Caspian fixed circulars have strong, smooth layers of laminated birch and sharp, gradually tapered tips.
The burnished surface of Caspian delivers just the right amount of grip to easily manage slippery yarns while warming quickly in your hands for hours of comfortable knitting.
16″ needles are available in US sizes 0 – 11. 16″ Needles are 3-3/8″ long. 24″, 32″, 40″, and 47″ needles are available in US sizes 0 – 3. Needles are 5-1/8″ long.
- The surface has a good amount of grip
- Works well with slippery yarns
- Comfortable to use
Useful For: All sorts of knitting, hats, socks, mittens, toys, sweaters, and larger knitted pieces.
Though these are still interchangeable and compatible with every other of its kind they make, these you can buy individually, and they act as excellent fixed circulars.
- Needle Sizes Available – US Size 0 – 15
- Cord Lengths Available – 17″, 20″, 24″, 28″ and 38″
- Needle Length – 4″ Long for US Size 5 – 10 ½, and 5″ Long for US Size 11 – 15
- Made From – Plastic Resin
- Smooth joins
- Stitches glide along the needle easily
- Compatible with all other circular needles they sell
- Lightweight and easy to use
- Sometimes the needle can catch or snag the yarn, but this is usually a defect in the manufacturing
For more details about the range of Denise Needles, read my guide.
Note: Clicking the above links will take you to further information, current prices, and customer reviews on Amazon and Knit Picks.
What Are Circular Needles?
How are they different from straight or double-pointed needles? The two needle points are attached by plastic or nylon cord.
Materials used in these needles are Bamboo, wood, metal, carbon fiber, and acrylic. Bamboo circular needles are great because they’re easy to knit with, bamboo needles are a great choice for beginner knitters.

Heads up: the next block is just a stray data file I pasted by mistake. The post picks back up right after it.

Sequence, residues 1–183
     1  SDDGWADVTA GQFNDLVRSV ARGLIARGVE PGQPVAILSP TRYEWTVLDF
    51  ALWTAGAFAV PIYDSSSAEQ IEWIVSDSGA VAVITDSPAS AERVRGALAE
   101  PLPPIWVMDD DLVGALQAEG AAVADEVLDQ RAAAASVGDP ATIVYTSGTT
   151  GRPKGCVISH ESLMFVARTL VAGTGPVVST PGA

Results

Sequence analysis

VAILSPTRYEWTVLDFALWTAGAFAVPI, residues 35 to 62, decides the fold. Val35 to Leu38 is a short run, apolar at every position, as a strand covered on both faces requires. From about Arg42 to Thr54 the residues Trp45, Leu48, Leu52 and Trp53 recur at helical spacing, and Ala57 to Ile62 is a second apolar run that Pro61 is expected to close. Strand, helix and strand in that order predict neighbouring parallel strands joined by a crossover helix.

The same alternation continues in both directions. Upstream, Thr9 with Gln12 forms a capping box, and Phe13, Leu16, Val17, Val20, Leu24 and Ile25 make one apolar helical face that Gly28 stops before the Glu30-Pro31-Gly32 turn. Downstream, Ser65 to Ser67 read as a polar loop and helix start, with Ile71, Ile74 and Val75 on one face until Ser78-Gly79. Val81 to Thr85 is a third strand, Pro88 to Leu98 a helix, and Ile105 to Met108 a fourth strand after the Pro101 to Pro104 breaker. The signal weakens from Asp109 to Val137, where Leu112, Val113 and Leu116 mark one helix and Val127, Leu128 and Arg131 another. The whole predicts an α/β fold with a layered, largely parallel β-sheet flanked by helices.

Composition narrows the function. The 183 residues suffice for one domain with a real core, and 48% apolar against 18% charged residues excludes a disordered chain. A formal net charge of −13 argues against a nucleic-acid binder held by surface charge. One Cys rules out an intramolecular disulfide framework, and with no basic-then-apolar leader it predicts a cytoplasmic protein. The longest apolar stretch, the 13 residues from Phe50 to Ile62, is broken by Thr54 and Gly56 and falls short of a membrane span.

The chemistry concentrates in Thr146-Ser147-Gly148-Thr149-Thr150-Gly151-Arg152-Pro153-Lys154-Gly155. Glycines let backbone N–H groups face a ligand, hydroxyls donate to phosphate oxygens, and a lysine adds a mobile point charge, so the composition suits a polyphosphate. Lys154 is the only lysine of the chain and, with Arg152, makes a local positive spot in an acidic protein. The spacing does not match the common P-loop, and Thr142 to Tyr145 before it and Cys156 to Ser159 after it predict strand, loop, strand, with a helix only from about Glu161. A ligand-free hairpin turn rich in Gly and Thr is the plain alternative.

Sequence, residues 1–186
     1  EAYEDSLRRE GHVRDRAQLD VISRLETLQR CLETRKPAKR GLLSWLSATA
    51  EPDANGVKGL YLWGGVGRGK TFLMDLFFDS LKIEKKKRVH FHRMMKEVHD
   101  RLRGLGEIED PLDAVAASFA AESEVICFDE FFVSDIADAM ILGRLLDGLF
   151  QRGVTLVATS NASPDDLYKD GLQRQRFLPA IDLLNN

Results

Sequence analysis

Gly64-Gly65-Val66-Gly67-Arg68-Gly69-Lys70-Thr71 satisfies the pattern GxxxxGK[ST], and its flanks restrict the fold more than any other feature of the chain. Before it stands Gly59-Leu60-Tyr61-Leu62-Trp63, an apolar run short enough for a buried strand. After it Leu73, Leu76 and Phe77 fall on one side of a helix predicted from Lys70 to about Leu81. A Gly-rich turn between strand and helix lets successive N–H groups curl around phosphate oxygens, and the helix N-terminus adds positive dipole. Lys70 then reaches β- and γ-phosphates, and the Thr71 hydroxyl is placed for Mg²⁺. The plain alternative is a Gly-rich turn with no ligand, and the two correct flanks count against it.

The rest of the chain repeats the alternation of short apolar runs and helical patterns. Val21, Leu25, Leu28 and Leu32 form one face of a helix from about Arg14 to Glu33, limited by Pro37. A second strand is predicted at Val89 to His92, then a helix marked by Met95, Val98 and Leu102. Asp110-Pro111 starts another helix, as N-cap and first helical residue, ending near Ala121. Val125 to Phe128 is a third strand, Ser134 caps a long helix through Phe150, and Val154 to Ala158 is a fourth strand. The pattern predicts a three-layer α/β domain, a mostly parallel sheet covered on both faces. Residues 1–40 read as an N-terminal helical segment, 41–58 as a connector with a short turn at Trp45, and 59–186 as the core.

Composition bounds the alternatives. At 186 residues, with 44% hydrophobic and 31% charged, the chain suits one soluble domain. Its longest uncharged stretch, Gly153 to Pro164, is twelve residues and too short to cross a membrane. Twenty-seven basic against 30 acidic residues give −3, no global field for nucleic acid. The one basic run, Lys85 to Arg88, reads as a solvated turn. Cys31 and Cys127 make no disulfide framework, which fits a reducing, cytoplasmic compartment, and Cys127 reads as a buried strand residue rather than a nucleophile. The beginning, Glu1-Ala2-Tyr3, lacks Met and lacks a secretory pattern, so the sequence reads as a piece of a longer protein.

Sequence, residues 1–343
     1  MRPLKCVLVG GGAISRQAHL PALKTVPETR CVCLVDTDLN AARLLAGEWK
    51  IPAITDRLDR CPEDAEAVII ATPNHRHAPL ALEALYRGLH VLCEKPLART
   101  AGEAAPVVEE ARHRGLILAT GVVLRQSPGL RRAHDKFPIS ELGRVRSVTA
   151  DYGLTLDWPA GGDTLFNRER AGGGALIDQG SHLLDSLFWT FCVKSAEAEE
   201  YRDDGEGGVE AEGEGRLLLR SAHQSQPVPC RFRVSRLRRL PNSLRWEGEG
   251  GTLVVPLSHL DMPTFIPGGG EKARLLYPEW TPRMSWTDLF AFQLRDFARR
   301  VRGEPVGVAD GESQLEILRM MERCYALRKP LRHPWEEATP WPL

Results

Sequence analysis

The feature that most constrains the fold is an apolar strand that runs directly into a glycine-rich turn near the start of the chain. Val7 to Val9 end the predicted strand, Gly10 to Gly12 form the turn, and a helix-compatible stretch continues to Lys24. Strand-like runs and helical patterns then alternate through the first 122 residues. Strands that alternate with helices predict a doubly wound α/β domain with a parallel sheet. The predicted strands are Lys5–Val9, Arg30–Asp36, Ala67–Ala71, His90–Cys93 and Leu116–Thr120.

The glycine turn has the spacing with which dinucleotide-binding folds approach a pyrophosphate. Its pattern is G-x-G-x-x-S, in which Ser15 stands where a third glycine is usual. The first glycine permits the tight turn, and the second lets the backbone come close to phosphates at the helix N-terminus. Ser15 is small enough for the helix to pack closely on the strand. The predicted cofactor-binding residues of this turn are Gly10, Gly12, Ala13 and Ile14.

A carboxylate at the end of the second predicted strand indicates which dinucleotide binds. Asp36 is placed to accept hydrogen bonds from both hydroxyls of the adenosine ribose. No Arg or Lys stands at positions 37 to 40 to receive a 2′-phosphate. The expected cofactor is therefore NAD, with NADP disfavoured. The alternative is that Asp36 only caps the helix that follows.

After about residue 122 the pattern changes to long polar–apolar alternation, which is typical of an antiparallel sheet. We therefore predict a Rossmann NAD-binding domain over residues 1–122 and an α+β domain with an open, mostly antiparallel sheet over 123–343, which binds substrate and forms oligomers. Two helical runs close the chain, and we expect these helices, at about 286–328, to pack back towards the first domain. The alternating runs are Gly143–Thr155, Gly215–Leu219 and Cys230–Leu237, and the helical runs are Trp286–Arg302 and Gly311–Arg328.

Wood and Bamboo have more grip, whereas metal and carbon fiber have slippery surfaces.
Here are a few reasons as to why they’re good to use.
Two kinds of tips – pointed for lace knitting and rounded for bulky projects.
You can do challenging knits, like socks and hats. You can also make clothing and bags without seams, much easier!
Another great thing about them is the cable holds all the project’s weight, letting it rest in your lap.
For projects that need double-pointed needles, you can use them with the “Magic Loop.” I’ve knitted socks like this, a handy technique!
There are different ways you can use these needles.
When you’re knitting, the cord holds the bulk of your project. It prevents strain on your hands and shoulders. Beneficial when you’re knitting things like sweaters.
They make knitting when traveling easier, no losing the needle down the seat.
Can you use straight needles instead of circular? Yes, though they’re handy to have in your knitting toolbox.
Choosing The Best Circular Knitting Needles
There are two types, fixed circular knitting needles and interchangeable circular knitting needles.
Fixed have a set needle and cord size. Interchangeables have different needle sizes in pairs, can be swapped, and come organized in a handy bag.
Things to remember when choosing the best circular knitting needles:
- Make sure the joins are smooth. Roughness can catch your stitches and tear your yarn.
- Cords should be strong and flexible. (If the cables become too tightly coiled, soak in warm water. This will relax the coils.)
- If you’re doing lace knitting, choose sharp tips to make it easier to do the intricate designs and decreases.
- Make sure you choose the right size and cord length for the project you have in mind.
Handy Tip About Fixing Kinks In Your Cables
Heat some water to almost boiling. Pour the water into a bowl – enough to cover your needles. Use a chopstick or something similar to make sure the needles are entirely covered (don’t burn yourself).
Leave them for about 30-40 seconds, more if they aren’t relaxing. Once the cables relax, carefully remove them from the hot water and lay them flat on a towel. The cables should be kink-free.
Interchangeable Circular Knitting Needles
If you knit a lot, you collect circular needles quickly! An interchangeable circular knitting needle set solves that.
The needles can attach to many cord lengths. Make sure the cord length is smaller than the diameter of the tube you’re knitting. If not, the stitches will stretch, and you’ll lose your tension.
You can find a circular knitting needle set with many needles and cable sizes.
Things to remember when choosing Interchangeable Circular Knitting Needles: